Owarimonogatari (2017) (Recycled PV)
Director: Tomoyuki Itamura
Character designer: Akio Watanabe
Kevin: While the next Monogatari series isn’t getting a standard TV broadcast, we’ve been promised three new arcs kicking off on August 12-13. I feel like Monogatari doesn’t need any sort of introduction at this point, but the director Tomoyuki Itamura has earned a mention. As a fan it’s not easy to return to the TV series after Tatsuya Oishi’s deeply fascinating Kizumonogatari films, which might as well be part of a different franchise. That said, it feels as if with each iteration of Monogatari Itamura grows more comfortable with a role that was too big for him when he started. It was the first Owarimonogatari series, with its unsettling depiction of Ougi, that convinced me that he wasn’t just acting as an awkward replacement anymore. Monogatari‘s emotional payoffs and most satisfying thematic points have come quite late into the franchise, so the more comfortable its new lead director grows to be now, the better for us.
Senki Zesshou Symphogear AXZ (PV)
Director: Katsumi Ono
Character designer, Chief animation director: Satoru Fujimoto
Action director: Fumiaki Kouta, Yukiyoshi Shikiji, Toshiharu Sugie
Main animator: Yoshiyuki Okubo, Sakamoto Shunta, Hanyw
Ryan: Symphogear‘s something of a curious beast in terms of the notable jump in production quality with each new incarnation. This is mainly down to multiple staff overhauls between each season, one of the most notable being Satoru Fujimoto‘s promotion from chief animation director in season 1 to character designer in place of Satoshi Koike as of Symphogear G and onward. Other major changes include the art director and director of photography, but if you really compare staff lists you’ll notice that most core staff members from season 1 are nowhere to be seen now, which the series mostly benefited from. One exception here is the action director Fumiaki Kouta, whose work has been so invaluable that he’s the sole person to retain his position throughout its entire run thus far. For good reason, too! Even at its absolute worst (which it can reach more often than one would like), Symphogear action is still inherently fun to watch, especially when taking advantage of the ridiculous abilities granted to each Sympho. What’s most interesting this time around is Yukiyoshi Shikiji and Toshiharu Sugie‘s promotions to this role alongside him, particularly the former’s; he’s been doing key animation work on the series since season 1, standing out to the point of getting tasked as main animator for the next seasons. He then continued to prove his worth as an excellent action and FX animator – as well as provide my personal favourite henshin so far, while we’re praising him. How this will affect the action setpieces, and whether he’ll have the time to keep on drawing key animation despite his new responsibilities, still remains to be seen. I choose to be optimistic!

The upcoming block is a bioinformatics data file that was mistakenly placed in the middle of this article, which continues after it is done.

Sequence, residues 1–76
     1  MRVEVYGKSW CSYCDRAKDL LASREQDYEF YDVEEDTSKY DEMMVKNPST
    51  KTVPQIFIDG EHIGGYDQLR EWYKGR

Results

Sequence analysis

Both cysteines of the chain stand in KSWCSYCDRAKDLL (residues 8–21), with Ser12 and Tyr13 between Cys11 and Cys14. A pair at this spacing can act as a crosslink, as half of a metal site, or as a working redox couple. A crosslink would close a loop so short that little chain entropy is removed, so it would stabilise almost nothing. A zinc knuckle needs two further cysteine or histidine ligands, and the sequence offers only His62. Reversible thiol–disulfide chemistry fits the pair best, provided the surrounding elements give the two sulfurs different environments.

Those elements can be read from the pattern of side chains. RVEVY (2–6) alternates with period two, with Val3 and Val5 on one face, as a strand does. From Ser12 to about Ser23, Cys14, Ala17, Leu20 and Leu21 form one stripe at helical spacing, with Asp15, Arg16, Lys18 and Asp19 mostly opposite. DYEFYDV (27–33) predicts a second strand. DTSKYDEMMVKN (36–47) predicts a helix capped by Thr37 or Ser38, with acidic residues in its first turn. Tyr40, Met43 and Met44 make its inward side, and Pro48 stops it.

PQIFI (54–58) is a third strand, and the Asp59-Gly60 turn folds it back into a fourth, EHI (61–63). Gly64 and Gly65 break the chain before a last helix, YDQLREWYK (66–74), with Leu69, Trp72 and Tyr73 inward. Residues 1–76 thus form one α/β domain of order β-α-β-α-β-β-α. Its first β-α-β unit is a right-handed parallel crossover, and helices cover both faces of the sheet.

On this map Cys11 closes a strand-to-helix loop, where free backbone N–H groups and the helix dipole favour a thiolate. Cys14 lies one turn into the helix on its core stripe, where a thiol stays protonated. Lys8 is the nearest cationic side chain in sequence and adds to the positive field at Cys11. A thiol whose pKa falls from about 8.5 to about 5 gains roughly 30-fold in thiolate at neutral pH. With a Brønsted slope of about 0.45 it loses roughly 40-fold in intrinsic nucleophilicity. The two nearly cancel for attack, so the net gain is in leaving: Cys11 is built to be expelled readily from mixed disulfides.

All that said and done, what can we actually expect from AXZ? Well…nothing incredible, if I’m being honest. Symphogear‘s never going to reach the same heights as the likes of HeroAca when it comes to pure action animation highlights, but I’m not a fan of downplaying the importance of just being consistently good, either. GX already proved that far more effort is being put into each character’s henshins than before, so it’s likely they’ll be aiming to either match or surpass that this time around. Unfortunately they’ve already confirmed that they’ll be breaking the tradition of including a concert scene in the first episode, so anyone holding out for more great work on that front will be disappointed. But hey, maybe we’ll get some more uncredited Hironori Tanaka to make up for it! Reports from the advance screening of the first episode say that around 70-80% of the episode is action-packed, so it looks like they’ll be going full throttle from the very beginning.
Kevin: As usual, let’s end with some quick notes on shows that so far don’t seem to deserve an in-depth look, yet have enrolled some noteworthy artists. The Reflection Wave One should in theory have been my most anticipated series based off the Hiroshi Nagahama and Yoshihiko Umakoshi team alone, but I don’t really buy into the aesthetic and am not convinced that they’ll escape from Stan Lee’s western superhero claws (which they themselves adore, for the record). If we judge based off directional pedigree alone though, 18if should stand at the very top as it’s supervised by the legendary Koji Morimoto. The teasers for this mobile game adaptation look very poor however, hence why I wouldn’t confidently bet on it. Konbini Kareshi also looks far from spectacular, but it’s worth a mention simply by being Hayato Date‘s first project after around 15 years of Naruto. He’s earned it! And if we were to cherrypick animation talent rather than directors, the Gamers! adaptation at studio Pinejam seems to have attracted the wonderful Kazuaki Shimada, so expect some neat highlights over there. For a very respectable season, somehow these final notes seem to have even more caveats attached to them than usual. But hey, if worse comes to worst we’ll still have Shin Itagaki returning to his true calling with Teekyuu Season 9.